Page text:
Symptoms of Knee Osteoarthritis

• Pain that increases when a person is active but gets quite better while resting

• Swelling of knee

• Redness of knee

• Feeling of warmth in the knee joint

• Knee stiffness, especially after waking up in the morning or when sitting for a while

• Decreased mobility of knee, which makes it difficult to get in and out of chairs or cars, using the stairs, or while walking

• Sounds of creaking, crackly, is heard when the knee moves

Diagnosis of Knee Osteoarthritis

It begins by physical examination of the area or joint, Physician notes the symptoms; it also involves X-rays, MRI.

Prevention of Knee Osteoarthritis

• Maintaining Healthy Weight: Excess weight puts pressure on knees leading to the wearing of the cartilage.

• Controlling Blood Sugar: High glucose level may affect the structure and functioning of cartilage

• Regular Exercise: exercise can make joints stay flexible; and also strengthen the muscles that support the knees.

• Reduce Risk of Injuries: One should reduce the risk of tripping at home; protective gear should be used during sports.

• Undergo Posture and Bone Alignment Tests: Gait analysis and some other tests help doctors to analyze the posture and bone alignment.

• Avoid overuse: One must reduce the activities or sports which involve repetitive motions of the knee joint, such as kneeling or squatting. One must avoid weight lifting.

• A healthy diet, enough sleep, stress management and staying active can contribute to better health and decreased risk of health issues, including OA.

Treatment of Knee Osteoarthritis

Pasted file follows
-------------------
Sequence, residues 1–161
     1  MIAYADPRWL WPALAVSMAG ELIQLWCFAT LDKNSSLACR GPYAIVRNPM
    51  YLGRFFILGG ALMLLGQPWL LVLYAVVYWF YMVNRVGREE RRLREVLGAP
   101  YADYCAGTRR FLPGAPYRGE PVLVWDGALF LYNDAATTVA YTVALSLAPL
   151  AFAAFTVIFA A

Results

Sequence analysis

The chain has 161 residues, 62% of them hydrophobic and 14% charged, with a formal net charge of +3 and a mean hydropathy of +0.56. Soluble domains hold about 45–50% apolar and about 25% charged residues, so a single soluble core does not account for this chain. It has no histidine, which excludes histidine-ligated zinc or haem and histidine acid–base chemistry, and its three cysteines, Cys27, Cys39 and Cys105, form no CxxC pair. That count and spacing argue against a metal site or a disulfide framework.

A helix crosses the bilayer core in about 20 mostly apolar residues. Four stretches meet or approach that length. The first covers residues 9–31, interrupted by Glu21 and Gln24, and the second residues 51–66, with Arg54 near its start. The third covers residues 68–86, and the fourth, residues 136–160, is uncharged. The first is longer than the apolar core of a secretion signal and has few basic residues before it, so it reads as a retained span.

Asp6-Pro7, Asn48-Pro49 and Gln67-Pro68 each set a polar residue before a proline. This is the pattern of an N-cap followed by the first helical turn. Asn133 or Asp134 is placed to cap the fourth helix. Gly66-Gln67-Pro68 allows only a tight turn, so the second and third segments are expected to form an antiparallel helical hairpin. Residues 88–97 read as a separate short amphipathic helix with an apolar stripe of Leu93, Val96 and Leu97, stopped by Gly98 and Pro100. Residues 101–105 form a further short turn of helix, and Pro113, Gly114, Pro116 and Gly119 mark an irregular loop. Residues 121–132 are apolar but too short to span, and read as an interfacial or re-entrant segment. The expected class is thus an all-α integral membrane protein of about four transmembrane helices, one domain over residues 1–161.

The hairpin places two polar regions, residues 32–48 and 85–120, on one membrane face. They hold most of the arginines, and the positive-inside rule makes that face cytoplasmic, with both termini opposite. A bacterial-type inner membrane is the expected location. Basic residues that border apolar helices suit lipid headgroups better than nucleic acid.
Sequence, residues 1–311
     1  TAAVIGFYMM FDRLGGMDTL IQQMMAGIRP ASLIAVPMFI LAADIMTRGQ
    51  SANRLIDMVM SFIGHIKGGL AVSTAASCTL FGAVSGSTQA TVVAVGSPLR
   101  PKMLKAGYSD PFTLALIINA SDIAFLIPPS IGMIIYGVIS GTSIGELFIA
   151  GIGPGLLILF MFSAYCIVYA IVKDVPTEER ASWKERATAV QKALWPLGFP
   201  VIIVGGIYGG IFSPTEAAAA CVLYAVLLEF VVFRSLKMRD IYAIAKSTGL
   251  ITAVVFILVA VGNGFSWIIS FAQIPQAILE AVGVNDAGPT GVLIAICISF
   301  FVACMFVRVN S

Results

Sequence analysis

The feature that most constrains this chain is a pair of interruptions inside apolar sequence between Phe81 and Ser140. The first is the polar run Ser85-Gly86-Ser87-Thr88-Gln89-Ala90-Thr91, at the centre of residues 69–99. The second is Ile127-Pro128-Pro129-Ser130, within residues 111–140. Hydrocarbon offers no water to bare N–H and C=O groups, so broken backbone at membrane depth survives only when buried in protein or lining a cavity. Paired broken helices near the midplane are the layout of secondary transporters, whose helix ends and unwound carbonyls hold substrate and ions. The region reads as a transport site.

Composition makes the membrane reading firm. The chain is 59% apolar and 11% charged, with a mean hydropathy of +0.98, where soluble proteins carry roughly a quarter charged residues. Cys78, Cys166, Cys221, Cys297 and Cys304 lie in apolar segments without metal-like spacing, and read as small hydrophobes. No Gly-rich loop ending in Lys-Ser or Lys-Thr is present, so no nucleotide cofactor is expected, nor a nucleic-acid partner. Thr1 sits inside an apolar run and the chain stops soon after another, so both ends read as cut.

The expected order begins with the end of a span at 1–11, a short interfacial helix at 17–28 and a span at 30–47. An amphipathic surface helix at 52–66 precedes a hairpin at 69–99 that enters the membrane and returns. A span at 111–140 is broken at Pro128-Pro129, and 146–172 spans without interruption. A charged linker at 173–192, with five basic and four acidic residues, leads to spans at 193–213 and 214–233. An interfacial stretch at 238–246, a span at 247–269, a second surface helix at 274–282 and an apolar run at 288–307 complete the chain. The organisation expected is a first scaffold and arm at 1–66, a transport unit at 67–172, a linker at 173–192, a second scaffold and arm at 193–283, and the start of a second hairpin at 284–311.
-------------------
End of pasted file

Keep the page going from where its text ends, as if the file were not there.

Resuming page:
Medications along with physiotherapy should be the first-line treatment for the patients have Knee Osteoarthritis

• For Stage 1: Acetaminophen or over-the-counter medications, supplements such as chondroitin can be taken for pain relief. Doing certain exercises can help build strength and mobility.

• For Stage 2: Medication of pain relievers. Non-pharmacologic therapy such as exercises, aerobics which can help strengthen the muscles around joints, increases stability, flexibility and decreases the likelihood of additional joint damage. Avoid exertion of joints mainly by avoiding kneeling, squatting, or jumping. Wear knee brace designed for relieving pressure on the joints’ surfaces. Wear shoe inserts to relieve stress on the knee, and realign one’s leg.

• For Stage 3: Taking OTC pain relievers, such as acetaminophen. Take prescription pain relievers, such as oxycodone or codeine. Injections of corticosteroids are given.

• For Stage 4: As the Cartilage at this stage either significantly diminished or disappears completely. Bone realignment surgery or osteotomy is advised. For some people total knee replacement or arthroplasty is advisable.

Citation: Swamy TN (2020) Knee Osteoarthritis: An Overview. J Nov Physiother 10: 442.

Copyright: © 2020 Swamy TN. This is an open-access article distributed under the terms of the Creative Commons Attribution License, which permits unrestricted use, distribution, and reproduction in any medium, provided the original author and source are credited.